Reuters World News Summary

Following is a summary of current world news briefs.

Trump threatens Turkey with 'extremely decimated economy' over Syria

President Donald Trump on Monday launched a harsh attack on NATO ally Turkey, threatening to destroy its economy if Ankara takes a planned military strike in Syria too far, even though the U.S. leader himself has opened the door for a Turkish incursion. Trump said he would "totally destroy and obliterate" Turkey's economy if it took action in Syria that he considered "off limits" following his decision on Sunday to pull 50 American special forces troops from northeastern Syria.

The transported: Kashmiri prisoners sent far from home

One is a 19-year-old construction worker charged with aiding militants against Indian troops, the other is one of Kashmir's most prominent lawyers, accused of being "an incorrigible secessionist". Despite their different backgrounds, Uzair Maqbool Malik and Nazir Ahmad Ronga have something in common: they are among hundreds of people who have been detained without trial by Indian authorities following a crackdown in the disputed region of Kashmir and moved to jails far from home.

U.S., Australia to bolster police ties as they cooperate on 2016 election probe

The United States and Australia said on Monday they would work to bolster law-enforcement ties as the two countries are separately cooperating on a politically charged probe examining whether U.S. officials overstepped when they investigated Donald Trump's 2016 presidential campaign. U.S. Attorney General William Barr and Australian Minister for Home Affairs Peter Dutton met in Washington to begin negotiating an agreement that would enable police to obtain faster access to electronic evidence in the other country.

Death toll climbs as Iraq unrest hits Baghdad's volatile Sadr City

Protesters began gathering in Baghdad's Sadr City district late on Monday after overnight clashes with security forces spread to the vast, poor swath of the Iraqi capital for the first time killing 15 people. The night of violence pushed the death toll after a week of unrest to 110 people. They were mostly protesters demanding the removal of the Iraqi government and overhaul of its political class, as security forces carried out a heavy-handed crackdown on demonstrators.

Brazil's Bolsonaro says beach oil slicks could be criminal or shipwreck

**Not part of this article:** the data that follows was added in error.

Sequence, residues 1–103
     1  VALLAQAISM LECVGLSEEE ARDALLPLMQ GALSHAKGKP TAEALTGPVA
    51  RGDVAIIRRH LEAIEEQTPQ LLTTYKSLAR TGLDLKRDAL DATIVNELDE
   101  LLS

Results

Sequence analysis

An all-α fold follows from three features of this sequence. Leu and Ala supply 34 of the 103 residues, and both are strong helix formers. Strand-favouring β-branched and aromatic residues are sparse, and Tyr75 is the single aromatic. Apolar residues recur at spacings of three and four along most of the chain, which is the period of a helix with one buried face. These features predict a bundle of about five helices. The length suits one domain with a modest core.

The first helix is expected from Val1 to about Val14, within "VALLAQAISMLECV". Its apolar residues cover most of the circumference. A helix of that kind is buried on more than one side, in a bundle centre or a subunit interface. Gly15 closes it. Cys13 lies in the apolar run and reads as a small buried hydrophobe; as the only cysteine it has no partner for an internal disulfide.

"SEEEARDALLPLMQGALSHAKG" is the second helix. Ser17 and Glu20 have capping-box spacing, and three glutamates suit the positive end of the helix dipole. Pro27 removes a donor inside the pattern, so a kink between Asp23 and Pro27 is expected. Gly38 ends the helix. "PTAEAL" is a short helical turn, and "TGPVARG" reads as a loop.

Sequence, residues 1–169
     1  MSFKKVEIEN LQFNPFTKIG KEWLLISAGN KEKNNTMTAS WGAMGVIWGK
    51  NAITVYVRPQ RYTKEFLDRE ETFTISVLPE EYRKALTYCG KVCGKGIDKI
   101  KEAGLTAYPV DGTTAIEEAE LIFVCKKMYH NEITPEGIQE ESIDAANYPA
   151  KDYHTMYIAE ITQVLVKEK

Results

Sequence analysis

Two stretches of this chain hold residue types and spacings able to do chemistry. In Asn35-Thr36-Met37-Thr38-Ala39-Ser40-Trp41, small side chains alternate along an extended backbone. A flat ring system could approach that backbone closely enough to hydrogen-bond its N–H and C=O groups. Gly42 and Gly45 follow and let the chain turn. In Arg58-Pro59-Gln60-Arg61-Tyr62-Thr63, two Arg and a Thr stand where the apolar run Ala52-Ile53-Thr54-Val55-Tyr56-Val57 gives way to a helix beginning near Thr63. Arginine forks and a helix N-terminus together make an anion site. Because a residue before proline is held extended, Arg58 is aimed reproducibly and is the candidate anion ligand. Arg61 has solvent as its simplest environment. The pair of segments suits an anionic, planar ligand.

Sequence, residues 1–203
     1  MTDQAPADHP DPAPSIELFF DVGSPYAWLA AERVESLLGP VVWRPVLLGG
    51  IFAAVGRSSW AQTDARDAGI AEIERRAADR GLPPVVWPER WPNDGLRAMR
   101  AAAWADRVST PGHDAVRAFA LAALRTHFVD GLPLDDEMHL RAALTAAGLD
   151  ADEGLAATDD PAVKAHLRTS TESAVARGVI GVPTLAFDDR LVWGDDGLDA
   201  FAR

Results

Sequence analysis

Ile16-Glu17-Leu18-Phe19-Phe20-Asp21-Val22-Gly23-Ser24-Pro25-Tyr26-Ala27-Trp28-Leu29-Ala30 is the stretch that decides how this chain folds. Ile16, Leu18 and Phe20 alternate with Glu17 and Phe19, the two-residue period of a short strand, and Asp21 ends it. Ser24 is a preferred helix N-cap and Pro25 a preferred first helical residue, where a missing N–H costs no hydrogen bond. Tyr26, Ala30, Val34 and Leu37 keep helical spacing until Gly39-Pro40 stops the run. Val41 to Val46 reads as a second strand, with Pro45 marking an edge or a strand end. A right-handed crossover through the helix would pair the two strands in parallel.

President Jair Bolsonaro said on Monday that oil polluting the country's northeastern beaches was not produced or sold in Brazil and could be the result of criminal activity or a shipwreck, though its origin is still being investigated. Bolsonaro told reporters that the crude oil "does not seem to come from an off-shore platform" and suggested it was from another country.

Hong Kong police stage show of force on streets, jeered by residents

Hong Kong police staged a show of force on Monday night in a district hit by some of the most violent clashes with protesters in recent months, but instead of being confronted by demonstrators were jeered by onlookers. Many Hong Kongers say police have used excessive force against protesters - some of them school students and young adults - and want an independent inquiry into police action.

40,000 toy soldiers highlight plight of injured British veterans

An installation of 40,000 miniature toy soldiers in a shopping center in Manchester, northern England, highlights the plight that many British soldiers face if their careers are ended by injury. The small green plastic figures represent the number of veterans that have been medically discharged over the last 20 years and campaigners say more should be done to support them.

UK's Johnson tells EU: Brexit ball is in your court now

Prime Minister Boris Johnson told the European Union on Monday that the Brexit ball was in its court and that the bloc should now urgently discuss in detail his proposal for breaking the deadlock in talks ahead of Britain's departure on Oct. 31. With just 24 days to go before the United Kingdom is due to leave the EU, both sides are positioning themselves to avoid blame for a delay or a disorderly no-deal Brexit.

Macri seeks boost from young voters with employer tax cut incentive

Argentine President Mauricio Macri announced a tax incentive proposal aimed at boosting employment among young people on Monday, in a bid to gain ground with a voter demographic that contributed to his poor showing in an August primary. Macri, in the final stages of his re-election campaign, said in a series of tweets he would propose a year-long tax break of 100% for employers that hire workers aged between 17 and 24 who are seeking their first jobs, or who have less than a year of work experience.

Indigenous protests convulse Ecuador; oil fields stopped

Thousands of indigenous protesters paralyzed roads around Ecuador and marched into capital Quito on Monday in a fifth day of action against government austerity measures that have sparked the worst unrest in years, resulting in 477 arrests. The demonstrations also hit the OPEC nation's oil sector, with state-run oil company Petroamazonas suspending operations at three of its fields after they were "taken" by "individuals not affiliated with the operations," the Energy Ministry said in a statement.